Thursday, September 25, 2008


That, more or less, was the gist of what some dude on the bus snapped at a little old lady.
Fortunately, she neither saw nor heard him, as she was deep in conversation with another little old lady.

I have often found the Chinese ability to be blissfully unaware of white people remarkable. Many Chinatown Chinese not only sometimes fail to register the distinct presence of a white person in their vicinity, but also have a hard time recognizing them at all. All of us white folk look alike, you see.
And whatever those sounds coming out of the lower halves of our faces are, they sure don't sound like a human language. It seems at all times as if we are having an argument with ourselves.
They wish we would learn Chinese and speak like civilized people.

White people, especially if they are not long-time San Francisco residents, tend to get irritated when Chinese refuse to speak English with each other. Surely "those people" are talking about whitey behind his back? What else could "they" be doing than conspiring against Caucasians? Are they saying I'm ugly? What, what, I have a booger hanging from my chin? Or are they telling each other where they can take away some white person's livelihood, or sell a white person's kidney? Hmmmph!

Let us examine a fairly typical Cantonese conversation, by two Toishanese persons on the Number One California Street bus heading into C'town.

[Canton: Kwang Chau, a southern province of China, which speaks a language more closely related phonetically to T'ang dynasty Chinese than to Mandarin. Toishan: a district in Canton, where many of the Chinese-Americans have relatives. The Toishanese dialect is not too different from city Cantonese, and many Toishanese are bilingual in both their own dialect and Cantonese. Besides often possessing a modicum of Mandarin proficiency.]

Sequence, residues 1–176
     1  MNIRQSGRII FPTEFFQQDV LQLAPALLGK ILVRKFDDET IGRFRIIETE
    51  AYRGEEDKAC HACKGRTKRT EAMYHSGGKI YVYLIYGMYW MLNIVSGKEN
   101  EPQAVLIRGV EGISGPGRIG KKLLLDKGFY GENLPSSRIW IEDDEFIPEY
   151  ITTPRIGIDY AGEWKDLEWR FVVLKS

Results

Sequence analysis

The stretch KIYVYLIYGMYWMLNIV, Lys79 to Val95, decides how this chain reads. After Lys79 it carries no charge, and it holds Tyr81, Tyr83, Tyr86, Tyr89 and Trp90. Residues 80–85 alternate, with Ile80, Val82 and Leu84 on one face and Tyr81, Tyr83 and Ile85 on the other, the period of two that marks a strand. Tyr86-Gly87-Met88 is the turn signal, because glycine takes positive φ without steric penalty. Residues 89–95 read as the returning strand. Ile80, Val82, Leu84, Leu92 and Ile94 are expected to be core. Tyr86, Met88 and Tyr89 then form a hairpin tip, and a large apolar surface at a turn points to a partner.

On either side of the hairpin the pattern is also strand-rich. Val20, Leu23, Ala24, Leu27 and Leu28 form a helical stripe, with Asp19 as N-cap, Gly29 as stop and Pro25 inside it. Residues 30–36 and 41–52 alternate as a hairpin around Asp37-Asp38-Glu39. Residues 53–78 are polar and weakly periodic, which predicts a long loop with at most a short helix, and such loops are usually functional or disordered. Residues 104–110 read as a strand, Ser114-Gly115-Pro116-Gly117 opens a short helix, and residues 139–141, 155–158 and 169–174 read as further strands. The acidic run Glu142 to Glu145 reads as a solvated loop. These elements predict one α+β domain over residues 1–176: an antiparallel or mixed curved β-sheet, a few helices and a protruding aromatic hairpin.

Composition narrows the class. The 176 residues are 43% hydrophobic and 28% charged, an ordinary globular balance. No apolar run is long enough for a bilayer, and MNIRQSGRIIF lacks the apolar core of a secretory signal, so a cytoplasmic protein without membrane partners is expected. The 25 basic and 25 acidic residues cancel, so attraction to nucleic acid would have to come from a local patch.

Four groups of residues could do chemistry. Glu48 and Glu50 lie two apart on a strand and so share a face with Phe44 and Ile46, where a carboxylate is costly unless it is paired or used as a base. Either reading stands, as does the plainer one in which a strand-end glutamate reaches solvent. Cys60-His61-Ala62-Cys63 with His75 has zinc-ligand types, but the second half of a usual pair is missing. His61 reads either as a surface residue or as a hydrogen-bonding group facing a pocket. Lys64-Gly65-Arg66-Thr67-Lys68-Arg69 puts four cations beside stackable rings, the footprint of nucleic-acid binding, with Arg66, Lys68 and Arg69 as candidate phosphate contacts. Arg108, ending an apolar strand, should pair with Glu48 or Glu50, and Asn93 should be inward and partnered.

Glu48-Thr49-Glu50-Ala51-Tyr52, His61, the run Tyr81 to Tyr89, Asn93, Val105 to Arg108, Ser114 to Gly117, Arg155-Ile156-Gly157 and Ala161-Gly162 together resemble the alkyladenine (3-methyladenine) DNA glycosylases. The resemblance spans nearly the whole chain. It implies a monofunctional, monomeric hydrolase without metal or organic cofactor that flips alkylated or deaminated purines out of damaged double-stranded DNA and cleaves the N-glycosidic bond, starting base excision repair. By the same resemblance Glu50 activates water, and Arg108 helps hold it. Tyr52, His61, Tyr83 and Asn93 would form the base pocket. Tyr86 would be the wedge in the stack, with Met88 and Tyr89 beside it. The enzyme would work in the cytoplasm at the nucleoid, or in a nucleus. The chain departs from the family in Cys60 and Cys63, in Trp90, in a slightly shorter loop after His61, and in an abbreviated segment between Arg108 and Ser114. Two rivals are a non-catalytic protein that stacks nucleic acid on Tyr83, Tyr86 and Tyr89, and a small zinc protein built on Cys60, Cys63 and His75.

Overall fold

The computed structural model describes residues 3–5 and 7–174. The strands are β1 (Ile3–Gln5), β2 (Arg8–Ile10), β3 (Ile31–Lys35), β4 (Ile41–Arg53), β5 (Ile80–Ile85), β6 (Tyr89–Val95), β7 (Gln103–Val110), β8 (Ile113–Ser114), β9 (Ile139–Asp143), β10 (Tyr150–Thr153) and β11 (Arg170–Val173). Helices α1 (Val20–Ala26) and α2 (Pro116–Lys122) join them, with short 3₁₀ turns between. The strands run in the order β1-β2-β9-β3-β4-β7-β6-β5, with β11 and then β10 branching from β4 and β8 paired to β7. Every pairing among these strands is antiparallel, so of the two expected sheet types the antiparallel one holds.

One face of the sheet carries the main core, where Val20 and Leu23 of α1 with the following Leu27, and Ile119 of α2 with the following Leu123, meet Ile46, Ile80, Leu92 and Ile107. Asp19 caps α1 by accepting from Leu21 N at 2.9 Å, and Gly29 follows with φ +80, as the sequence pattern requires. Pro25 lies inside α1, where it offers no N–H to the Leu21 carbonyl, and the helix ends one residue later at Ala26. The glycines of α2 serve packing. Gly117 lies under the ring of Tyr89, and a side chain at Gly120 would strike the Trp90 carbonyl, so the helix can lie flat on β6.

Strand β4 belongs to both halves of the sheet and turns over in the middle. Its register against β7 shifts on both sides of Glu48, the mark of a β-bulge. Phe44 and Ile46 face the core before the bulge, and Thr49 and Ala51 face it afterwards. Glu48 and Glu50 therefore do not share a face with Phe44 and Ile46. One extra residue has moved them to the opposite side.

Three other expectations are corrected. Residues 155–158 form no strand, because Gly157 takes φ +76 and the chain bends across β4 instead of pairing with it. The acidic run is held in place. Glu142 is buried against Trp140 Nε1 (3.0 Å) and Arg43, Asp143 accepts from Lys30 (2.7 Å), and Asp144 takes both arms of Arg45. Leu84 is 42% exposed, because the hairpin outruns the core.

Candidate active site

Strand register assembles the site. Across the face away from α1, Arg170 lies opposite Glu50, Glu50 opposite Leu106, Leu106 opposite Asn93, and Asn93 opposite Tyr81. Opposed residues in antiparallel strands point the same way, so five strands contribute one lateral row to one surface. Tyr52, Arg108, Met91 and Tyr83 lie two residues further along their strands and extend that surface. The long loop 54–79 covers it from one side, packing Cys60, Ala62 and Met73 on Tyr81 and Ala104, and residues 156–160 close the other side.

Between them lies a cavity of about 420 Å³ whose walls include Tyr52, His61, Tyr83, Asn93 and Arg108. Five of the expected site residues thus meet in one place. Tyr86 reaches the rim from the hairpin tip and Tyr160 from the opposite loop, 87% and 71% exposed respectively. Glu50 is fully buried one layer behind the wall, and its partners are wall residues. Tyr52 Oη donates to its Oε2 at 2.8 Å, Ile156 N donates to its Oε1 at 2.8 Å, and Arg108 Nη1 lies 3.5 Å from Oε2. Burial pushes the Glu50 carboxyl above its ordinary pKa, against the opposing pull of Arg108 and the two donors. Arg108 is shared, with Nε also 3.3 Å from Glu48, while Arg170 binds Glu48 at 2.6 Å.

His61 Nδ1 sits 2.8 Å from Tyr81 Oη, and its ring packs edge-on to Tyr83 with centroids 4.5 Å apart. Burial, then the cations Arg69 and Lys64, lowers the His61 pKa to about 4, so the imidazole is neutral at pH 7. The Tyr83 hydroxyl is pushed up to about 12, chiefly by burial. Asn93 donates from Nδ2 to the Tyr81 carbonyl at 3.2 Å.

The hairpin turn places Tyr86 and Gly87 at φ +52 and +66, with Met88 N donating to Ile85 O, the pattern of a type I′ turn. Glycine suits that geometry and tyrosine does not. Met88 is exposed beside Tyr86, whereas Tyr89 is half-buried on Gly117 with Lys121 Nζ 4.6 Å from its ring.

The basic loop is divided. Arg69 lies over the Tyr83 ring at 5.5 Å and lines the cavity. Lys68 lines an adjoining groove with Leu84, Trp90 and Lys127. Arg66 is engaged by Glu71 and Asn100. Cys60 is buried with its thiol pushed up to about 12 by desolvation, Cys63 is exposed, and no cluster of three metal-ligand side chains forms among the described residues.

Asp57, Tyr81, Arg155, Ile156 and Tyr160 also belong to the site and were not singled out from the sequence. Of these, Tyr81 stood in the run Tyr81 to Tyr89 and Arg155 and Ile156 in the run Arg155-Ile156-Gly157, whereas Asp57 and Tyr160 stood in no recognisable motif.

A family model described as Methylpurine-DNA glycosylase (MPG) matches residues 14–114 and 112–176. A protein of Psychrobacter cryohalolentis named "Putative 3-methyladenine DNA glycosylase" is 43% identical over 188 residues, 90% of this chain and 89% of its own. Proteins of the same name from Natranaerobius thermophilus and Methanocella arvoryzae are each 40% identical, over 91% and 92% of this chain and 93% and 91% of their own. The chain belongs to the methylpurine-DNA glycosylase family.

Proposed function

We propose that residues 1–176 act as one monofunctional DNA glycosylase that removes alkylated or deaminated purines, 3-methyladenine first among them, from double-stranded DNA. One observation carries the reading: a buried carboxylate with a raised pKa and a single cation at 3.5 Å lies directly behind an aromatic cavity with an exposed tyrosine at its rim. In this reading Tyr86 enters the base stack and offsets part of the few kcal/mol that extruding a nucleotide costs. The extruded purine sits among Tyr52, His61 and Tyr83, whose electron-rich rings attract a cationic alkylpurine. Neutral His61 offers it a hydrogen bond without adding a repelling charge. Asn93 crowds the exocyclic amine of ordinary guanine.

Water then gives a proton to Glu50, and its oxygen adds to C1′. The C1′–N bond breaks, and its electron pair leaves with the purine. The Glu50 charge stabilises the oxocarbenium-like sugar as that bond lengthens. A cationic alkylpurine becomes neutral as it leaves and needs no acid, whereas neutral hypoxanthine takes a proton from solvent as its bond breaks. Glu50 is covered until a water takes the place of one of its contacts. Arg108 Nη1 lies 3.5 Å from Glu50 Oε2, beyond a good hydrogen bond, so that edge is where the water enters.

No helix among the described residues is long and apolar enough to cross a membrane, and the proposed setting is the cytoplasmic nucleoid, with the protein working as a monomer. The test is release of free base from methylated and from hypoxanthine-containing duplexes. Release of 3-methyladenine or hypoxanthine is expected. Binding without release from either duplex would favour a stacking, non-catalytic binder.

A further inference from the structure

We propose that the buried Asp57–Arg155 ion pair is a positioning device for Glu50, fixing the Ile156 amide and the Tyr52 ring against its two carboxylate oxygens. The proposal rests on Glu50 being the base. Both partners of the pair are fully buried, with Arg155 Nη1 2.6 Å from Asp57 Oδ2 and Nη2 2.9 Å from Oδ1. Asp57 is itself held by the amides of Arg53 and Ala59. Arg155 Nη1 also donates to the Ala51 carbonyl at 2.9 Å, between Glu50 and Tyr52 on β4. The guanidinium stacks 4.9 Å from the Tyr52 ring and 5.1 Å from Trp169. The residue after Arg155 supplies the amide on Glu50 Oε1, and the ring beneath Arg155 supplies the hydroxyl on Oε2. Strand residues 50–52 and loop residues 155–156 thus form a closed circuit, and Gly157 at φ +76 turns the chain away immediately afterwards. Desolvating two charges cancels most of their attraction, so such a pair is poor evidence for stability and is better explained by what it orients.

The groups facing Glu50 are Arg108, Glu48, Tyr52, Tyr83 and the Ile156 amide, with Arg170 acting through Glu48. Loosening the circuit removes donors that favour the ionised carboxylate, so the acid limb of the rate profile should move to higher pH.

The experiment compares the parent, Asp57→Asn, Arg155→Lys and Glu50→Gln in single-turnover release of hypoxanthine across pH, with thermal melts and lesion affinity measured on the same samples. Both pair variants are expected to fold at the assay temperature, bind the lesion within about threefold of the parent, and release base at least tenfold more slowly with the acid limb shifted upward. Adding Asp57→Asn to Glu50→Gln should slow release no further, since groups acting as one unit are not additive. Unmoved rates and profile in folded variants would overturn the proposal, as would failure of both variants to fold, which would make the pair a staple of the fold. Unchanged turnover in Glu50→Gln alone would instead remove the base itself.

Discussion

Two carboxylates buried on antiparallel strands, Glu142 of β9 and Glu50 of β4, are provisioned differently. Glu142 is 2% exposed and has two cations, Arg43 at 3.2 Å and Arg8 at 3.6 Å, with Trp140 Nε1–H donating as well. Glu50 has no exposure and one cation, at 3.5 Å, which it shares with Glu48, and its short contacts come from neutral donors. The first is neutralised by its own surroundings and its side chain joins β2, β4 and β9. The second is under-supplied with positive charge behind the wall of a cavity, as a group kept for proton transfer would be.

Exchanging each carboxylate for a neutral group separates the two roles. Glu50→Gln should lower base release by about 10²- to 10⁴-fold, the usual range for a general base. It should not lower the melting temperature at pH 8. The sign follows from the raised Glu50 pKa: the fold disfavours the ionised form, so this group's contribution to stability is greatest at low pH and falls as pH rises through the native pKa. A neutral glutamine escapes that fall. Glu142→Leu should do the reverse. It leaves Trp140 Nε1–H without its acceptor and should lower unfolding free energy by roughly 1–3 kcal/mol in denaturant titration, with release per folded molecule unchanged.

I shall refer to the first Toishanese gentleman as 'Little Mustache' (siu wew-soh), and the second as Smelly Foot ( chau keuk). Such casual and almost comedic handles are fairly typical nicknames among old acquaintances - I myself am often called 'Dow Sah' (red bean paste - a filling used in certain pastries and dumplings).

I think you'll agree that it is a very suspicious conversation. Yes.

Little Mustache: Wah, ho loi m-kien-ah nei, diem?
[Hey, haven't seen you in a long time, whazzup?]

Smelly Foot : Mow-yeh, hoei gong, nei ne?
[Much of nothing, going to work, and you?]

Little Mustache: Fan ok-kay laaaaa, gong yuen le. Wei, nei yi-ga tzo matyeh gong ah?
[Returning home (long drawn out vocal marker of finality), work over (short marker of completed aspect of the active verb). Hey, what kind of work do you do nowadays (questioning verbal off-glide)?]